Stocks ended lower on Wall Street as tensions ratchet up again between the U.S. and China and more in Tuesday’s Stock Market Update.

The U.S. blacklisted a group of Chinese companies after claiming that their technology plays a role in the repression of China’s Muslim minority groups. The latest move casts more doubt on whether the world’s two largest economies will find a resolution to their long-running and economically damaging trade war. Envoys from the U.S. and China are preparing for another round of negotiations this week.

Technology companies and banks took the worst of the losses Tuesday.

Qualcomm, a chipmaker which relies heavily on sales to China, fell 4.5%. Bank of America gave back 2.4%.

Several medical device makers knocked down health care stocks. Thermo Fisher fell 5.9% and Boston Scientific slid 6.1%. Banks also dropped as bond yields fell. Bank of America shed 2.4%.

Safe-play sectors like utilities held up better. Bond prices rose. The yield on the 10-year Treasury fell to 1.53%.


KEEPING SCORE: The S&P 500 fell 45 points, or 1.6%, to 2,893. The Dow Jones Industrial Average lost 313 points, or 1.2%, to 26,164. The Nasdaq lost 132 points, or 1.7%, to 7,823.

Smaller company stocks took the brunt of the selling, sending the Russell 2000 index 1.6% lower.

Major stock indexes in Europe finished broadly lower after the British government warned that chances of a separation deal with the European Union are fading. The U.K. is on track to leave the 19-nation block on Oct. 31 but doesn’t yet have an agreement on trade in place.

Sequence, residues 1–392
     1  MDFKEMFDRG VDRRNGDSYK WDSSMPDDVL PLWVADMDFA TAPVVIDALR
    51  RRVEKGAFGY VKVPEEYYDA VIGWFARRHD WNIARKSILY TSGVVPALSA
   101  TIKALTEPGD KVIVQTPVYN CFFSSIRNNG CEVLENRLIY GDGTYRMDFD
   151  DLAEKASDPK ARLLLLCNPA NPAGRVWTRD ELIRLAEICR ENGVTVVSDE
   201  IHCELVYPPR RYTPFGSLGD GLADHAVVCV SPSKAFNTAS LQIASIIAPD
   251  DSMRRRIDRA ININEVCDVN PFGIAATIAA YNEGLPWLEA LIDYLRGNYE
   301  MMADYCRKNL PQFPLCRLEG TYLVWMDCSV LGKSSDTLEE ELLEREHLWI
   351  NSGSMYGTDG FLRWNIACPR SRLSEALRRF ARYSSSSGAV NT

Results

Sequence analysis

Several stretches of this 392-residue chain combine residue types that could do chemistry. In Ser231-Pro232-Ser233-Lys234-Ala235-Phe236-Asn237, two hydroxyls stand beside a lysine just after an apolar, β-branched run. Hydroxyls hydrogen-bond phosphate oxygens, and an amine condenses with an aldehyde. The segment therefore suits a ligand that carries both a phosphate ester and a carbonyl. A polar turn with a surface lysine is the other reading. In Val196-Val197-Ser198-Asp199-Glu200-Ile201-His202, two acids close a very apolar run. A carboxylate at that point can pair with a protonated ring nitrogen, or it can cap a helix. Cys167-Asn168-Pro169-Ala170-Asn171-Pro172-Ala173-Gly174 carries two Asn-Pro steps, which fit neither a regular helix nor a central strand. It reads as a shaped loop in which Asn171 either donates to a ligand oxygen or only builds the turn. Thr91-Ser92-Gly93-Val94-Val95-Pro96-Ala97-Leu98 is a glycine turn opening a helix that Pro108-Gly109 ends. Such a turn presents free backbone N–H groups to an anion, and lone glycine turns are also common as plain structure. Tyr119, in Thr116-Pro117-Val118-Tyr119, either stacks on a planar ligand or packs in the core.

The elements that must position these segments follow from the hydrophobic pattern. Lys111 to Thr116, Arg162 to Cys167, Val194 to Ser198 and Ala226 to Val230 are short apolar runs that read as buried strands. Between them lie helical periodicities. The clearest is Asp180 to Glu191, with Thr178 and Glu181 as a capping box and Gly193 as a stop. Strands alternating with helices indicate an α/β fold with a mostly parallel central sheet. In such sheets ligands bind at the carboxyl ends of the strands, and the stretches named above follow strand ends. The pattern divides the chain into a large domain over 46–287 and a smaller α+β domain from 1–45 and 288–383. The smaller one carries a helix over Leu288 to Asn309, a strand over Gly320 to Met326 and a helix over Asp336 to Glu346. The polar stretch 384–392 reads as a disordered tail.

ANALYST’S TAKE: Investors had to digest yet another surprise escalation in the U.S. trade war, adding another worry to a plate full of political and economic concerns.

“The jockeying for position in front of the Thursday and Friday meetings in Washington has intensified perhaps more than the market could have imagined,” said Julian Emanuel, chief equity and derivatives strategist at BTIG.

LOSING ITS SPARK: Energy stocks are having a rough year, and analysts expect the sector could be in for more pain when companies report third quarter results later this month.

Energy is the biggest loser among the S&P 500’s 11 sectors. It’s down 4.9% for the year so far and is the worst performing sector so far this month.

The stocks are likely to get hammered again when energy companies report their quarterly results. The sector is expected to report a nearly 10% drop in revenue for the third quarter due to a 19% decline in crude oil prices from a year ago, according to Credit Suisse analyst Jonathan Golub.

The analyst expects the sector to reduce earnings growth for the S&P 500 by 1.9% for the third quarter.

RISING DOUGH: Domino’s Pizza rose 4.6% as plans to buy back up to $1 billion in stock reversed the pizza chain’s earlier side. The stock initially fell after it reported surprisingly weak third quarter sales at established locations as it faces tougher competition.

RETAIL BRIGHT SPOT: Target rose 0.5% after the retailer said it was powering the relaunched web site of Toys R Us, which went live Tuesday.

CRUSHED CHIPS: Chipmakers tumbled after the U.S. blacklisted a group of Chinese tech companies that develop facial recognition and other artificial intelligence technology, saying the technology is being used to repress China’s Muslim minority groups. Ambarella fell 9.4% and Nvidia fell 3.8%.

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